The pilot got me settled in the right-hand seat, started the engine, and just like that we were off to Kansas City, where we picked up more bags of checks. Then the pilot got us off the ground and pointed north toward our next stop: Des Moines. We were still climbing when he said through the headset that he had paperwork to do.

It took me a second to realize he was handing over the controls, and another second to realize Hugh must have indicated that I was a fellow pilot. For the record, I am not now and I certainly was not at the time. I took the yoke and continued the climb, but I also didn’t know what altitude to level off at. I recalled from the St. Louis-to-Kansas City leg that we flew around 7,000 feet, so that’s what I aimed for, but I was so conscious of watching other instruments that I didn’t realize that I had climbed above 9,000 feet. The pilot was lost in paperwork and thrashing AC/DC tunes and didn’t seem to recognize my mistake, so I pushed the yoke in to descend. Suddenly the plane’s angle changed and the nose started barreling toward I-35, which I recognized from my boyhood in Missouri.

“Then I saw the glow of Des Moines and my enjoyment vanished, replaced with a bleak terror. I’d have to land this plane.”

The pilot looked up from his clipboard in the half-darkness of the cockpit. “Seventy-five hundred’ll be good,” he said, and went back to his work. I leveled off and for a few minutes actually enjoyed myself. The land of my youth was cloaked in thin clouds, which amplified the lights of each town along the interstate. There was Cameron, and St. Joe off to the west, then Bethany. I wondered if I could see the lights of the farm away east as we got close to the Iowa line, my sleeping parents oblivious that their unpracticed son was flying his deer meat high overhead.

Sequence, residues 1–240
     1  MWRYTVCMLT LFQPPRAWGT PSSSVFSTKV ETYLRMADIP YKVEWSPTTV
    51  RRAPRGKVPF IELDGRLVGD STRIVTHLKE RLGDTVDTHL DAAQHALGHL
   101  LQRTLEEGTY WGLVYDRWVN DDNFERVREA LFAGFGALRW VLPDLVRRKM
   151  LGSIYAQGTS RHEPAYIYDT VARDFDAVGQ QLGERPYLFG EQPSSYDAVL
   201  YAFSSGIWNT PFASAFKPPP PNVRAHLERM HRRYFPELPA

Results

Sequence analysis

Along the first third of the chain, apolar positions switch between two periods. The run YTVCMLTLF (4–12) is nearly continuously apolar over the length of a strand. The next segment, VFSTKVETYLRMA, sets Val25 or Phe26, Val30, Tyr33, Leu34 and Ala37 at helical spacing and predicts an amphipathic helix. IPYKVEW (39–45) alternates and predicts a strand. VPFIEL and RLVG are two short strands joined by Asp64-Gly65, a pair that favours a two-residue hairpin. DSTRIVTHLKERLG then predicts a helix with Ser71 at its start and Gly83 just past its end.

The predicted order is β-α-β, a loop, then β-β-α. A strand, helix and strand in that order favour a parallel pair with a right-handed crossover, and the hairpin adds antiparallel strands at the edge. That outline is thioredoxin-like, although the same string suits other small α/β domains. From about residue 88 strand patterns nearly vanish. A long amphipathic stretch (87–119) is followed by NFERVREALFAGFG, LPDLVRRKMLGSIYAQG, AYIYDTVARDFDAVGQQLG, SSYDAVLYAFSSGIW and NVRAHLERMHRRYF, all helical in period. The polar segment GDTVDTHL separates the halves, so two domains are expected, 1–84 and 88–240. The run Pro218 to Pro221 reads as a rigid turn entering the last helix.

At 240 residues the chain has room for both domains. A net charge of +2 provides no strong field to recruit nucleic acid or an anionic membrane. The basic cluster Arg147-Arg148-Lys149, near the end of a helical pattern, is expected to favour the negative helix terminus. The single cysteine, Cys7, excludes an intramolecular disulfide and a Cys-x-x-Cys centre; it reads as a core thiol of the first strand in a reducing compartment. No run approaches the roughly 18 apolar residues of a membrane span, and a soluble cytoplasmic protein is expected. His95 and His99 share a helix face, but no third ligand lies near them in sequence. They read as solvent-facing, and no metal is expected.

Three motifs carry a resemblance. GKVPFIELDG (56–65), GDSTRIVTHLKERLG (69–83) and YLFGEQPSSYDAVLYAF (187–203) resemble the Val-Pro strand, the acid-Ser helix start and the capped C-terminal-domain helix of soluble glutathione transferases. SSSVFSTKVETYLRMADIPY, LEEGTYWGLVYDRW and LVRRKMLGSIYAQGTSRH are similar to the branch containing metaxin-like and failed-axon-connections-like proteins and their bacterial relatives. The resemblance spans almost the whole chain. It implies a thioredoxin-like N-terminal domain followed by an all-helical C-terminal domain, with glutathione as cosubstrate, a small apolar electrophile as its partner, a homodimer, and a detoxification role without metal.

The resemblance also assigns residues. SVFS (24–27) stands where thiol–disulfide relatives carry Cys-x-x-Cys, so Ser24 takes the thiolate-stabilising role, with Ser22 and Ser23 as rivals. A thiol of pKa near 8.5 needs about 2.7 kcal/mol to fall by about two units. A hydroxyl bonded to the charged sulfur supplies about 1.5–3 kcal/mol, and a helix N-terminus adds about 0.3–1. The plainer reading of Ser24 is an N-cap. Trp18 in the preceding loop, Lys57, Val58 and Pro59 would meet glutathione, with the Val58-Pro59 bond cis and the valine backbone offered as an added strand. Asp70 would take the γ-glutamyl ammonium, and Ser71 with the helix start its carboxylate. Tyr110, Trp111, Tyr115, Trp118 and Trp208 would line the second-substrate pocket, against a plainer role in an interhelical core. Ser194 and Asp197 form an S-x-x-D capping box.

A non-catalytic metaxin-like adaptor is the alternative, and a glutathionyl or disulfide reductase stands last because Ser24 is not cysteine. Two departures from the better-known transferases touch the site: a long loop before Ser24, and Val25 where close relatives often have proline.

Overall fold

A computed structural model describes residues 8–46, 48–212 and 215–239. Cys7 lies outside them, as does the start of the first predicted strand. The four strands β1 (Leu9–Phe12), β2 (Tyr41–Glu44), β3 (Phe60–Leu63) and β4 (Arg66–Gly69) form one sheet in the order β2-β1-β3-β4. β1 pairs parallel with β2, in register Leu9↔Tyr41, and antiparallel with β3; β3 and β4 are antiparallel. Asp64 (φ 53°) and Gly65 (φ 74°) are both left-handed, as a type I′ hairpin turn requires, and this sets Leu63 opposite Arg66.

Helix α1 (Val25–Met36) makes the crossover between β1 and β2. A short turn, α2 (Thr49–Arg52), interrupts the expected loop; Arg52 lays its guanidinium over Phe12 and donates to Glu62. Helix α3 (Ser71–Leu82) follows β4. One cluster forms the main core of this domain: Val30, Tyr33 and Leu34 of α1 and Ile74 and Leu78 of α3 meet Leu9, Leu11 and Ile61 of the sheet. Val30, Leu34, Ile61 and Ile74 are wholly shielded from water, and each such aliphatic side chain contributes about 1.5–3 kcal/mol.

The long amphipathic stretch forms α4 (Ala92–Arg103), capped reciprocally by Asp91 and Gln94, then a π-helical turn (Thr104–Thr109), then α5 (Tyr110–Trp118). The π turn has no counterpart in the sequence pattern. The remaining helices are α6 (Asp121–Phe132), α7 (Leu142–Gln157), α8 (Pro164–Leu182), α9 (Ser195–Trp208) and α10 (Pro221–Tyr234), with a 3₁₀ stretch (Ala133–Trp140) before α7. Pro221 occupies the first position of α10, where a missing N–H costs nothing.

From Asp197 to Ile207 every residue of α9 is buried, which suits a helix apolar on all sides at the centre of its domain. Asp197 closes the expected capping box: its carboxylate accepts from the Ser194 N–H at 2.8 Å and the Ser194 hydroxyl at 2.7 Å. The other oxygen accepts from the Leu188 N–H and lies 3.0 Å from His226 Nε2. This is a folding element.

Then I saw the glow of Des Moines and my enjoyment vanished, replaced with a bleak terror. I’d have to land this plane. The pilot was now asleep, best as I could tell, and our destination coming on fast. I recalled the airport was in the southwest corner of the city and started losing altitude, much slower this time. Which way was the wind blowing? What would my approach be? How would I be in touch with air traffic control? Should I tell the tower that I was going to try an emergency landing? Should I buzz the airport first just to get the lay of the land? All these thoughts were racing through my mind when the pilot stirred. He glanced at our heading and the instruments, and sat up straighter in his harness.

“Got it,” is all he said, and I felt the yoke get lighter, an indication in the dark that he had taken it.

We landed without incident and taxied up to a Learjet. My companion went into a low concrete building and came back with two other pilots.

“These guys will take you the rest of the way,” he told me, then leaned in close as I stepped out of the plane. “Maybe we don’t mention this to anybody, okay?”

I helped transfer bags of checks from the Cessna to the jet, and stood on the tarmac, backpack pushing down my shoulders, as I waited for directions. It was just past 2 a.m. The jet jockeys told me there were only two seats—“for the pilots,” they said with some emphasis. I was welcome to ride in back with the checks.

So I threw my backpack in on the pile of canvas bags, climbed in myself, and we were off, first to Lincoln, then Denver, then Helena, Montana, before a bumpy ride to Portland. The sun was just coming up as we flew low into Seattle. I had dozed off for a spell, my back leaned uncomfortably against my pack. For the first time in hours, there was enough light that I could assess my surroundings. I was draped across untold wealth inside all that canvas, but I also noticed something else: red splotches on the bags. My backpack was leaking deer blood.

As we parked on the tarmac and the pilots opened the hatch, I arranged the check bags so they couldn’t see the stains. I walked into the light, happy to be on the ground and happy for many meals of meat. And also happy to pay commercial fare for my next cross-country flight.

Read more OL+ stories:
I Should Have Died in a Floatplane Crash
This Happened to Me: I Almost Froze to Death on a Solo Bighorn Hunt